Palestinians barred from West Bank settlements

Israel stops labourers from entering after stabbing attacks in settlements

Natan Meir, the husband of Israeli woman Dafna Meir who was killed when she opened the door of her home in the settlement of Otniel on Sunday, at her funeral in Jerusalem. Photograph: Abir Sultan/EPA

Natan Meir, the husband of Israeli woman Dafna Meir who was killed when she opened the door of her home in the settlement of Otniel on Sunday, at her funeral in Jerusalem. Photograph: Abir Sultan/EPA

 

Israel has barred all Palestinian labourers from West Bank settlements after two stabbing attacks inside settlements left a woman dead and another injured.

Some 26,000 Palestinians have permits to work inside settlements, mostly in construction. On Monday, workers were ordered to leave settlements in the Etzion bloc, south of Bethlehem.

The spate of violence, mostly stabbings and car rammings, perpetrated by young Palestinians unaffiliated to militant groups, is now in its fourth month. 25 Israelis and one US citizen have been killed, along with at least 148 Palestinians, 94 of whom Israel has described as assailants.

A pregnant Israeli woman in her 30s was seriously wounded in Monday’s stabbing attack at a clothing store in the settlement of Tekoa, south of Bethlehem. The 15-year-old Palestinian assailant was shot and seriously injured.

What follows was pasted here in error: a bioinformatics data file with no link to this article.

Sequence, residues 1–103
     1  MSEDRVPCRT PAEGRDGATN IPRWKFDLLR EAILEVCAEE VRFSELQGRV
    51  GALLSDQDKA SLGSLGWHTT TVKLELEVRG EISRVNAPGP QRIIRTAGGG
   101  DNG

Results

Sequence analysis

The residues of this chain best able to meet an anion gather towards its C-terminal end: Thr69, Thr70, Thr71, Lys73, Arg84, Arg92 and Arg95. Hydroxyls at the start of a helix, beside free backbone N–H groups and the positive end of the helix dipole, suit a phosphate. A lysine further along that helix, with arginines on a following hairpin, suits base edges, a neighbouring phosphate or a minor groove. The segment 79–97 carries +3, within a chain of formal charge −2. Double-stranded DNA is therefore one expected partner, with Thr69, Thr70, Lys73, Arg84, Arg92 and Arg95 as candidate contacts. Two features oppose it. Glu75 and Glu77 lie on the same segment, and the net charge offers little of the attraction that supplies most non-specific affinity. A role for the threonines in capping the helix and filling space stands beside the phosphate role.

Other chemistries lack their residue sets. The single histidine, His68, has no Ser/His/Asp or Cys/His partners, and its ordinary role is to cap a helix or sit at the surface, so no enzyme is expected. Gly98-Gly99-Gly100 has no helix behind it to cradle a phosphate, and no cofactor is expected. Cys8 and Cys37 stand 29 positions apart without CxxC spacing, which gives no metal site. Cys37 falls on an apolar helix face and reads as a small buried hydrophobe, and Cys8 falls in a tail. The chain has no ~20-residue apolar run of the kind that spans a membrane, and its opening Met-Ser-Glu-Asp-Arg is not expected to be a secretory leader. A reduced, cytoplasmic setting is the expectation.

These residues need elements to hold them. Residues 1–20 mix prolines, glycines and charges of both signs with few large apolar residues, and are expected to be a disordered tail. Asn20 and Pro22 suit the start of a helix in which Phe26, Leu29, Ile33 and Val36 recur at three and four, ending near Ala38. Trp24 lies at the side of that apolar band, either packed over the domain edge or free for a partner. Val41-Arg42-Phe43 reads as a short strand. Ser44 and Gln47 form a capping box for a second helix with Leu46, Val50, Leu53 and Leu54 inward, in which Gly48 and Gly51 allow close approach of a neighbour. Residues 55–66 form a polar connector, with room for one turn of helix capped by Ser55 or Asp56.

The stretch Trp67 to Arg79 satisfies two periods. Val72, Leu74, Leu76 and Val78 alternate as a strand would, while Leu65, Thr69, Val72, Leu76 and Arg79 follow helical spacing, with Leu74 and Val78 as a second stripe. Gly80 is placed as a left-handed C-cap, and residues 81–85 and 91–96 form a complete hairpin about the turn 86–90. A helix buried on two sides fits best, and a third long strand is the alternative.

The attack “dramatically upped the stakes”, said deputy mayor Gush Etzion Moshe Saville, a Tekoa resident.

“The terrorist attack happened while another woman who was murdered inside a settlement was being laid to rest,” he said. “This wave of terrorism has been terrible, but now the terrorists are entering people’s homes and communities.”

Murdered in home

OtnielHebron

Ms Meir struggled with the assailant until he overpowered her in the kitchen. Her 17-year-old daughter, who heard her screams, ran to her aid, only to see the attacker repeatedly stab her.

Israeli troops were still searching for the assailant on Monday night. Security sources said he probably worked on a building site in Otniel and fled to a Palestinian village.

Only two days before the attack, Meir wrote about her security concerns in the Otniel newsletter.

“Lately I have been thinking a lot about the security situation, having thoughts about what I should and shouldn’t do, about the fears, about my husband and the children. The situation isn’t easy, and sometimes it feels like a game of Russian roulette,” she wrote.

Also on Sunday, a young Palestinian was shot and killed after reportedly trying to stab soldiers at a military base in the northern West Bank.

Prime minister Binyamin Netanyahu vowed that the army would track down the Otniel assailant.

“Whoever tries to harm us, we will bring him to justice,” he said. “In the end he will be found and he will pay the full price.”

Opposition leader Yitzhak Herzog, head of the Zionist Union, criticised the government over the ongoing violence.

“The lack of security is a result of the radical right-wing government that obstinately refuses to separate from the Arabs,” he said.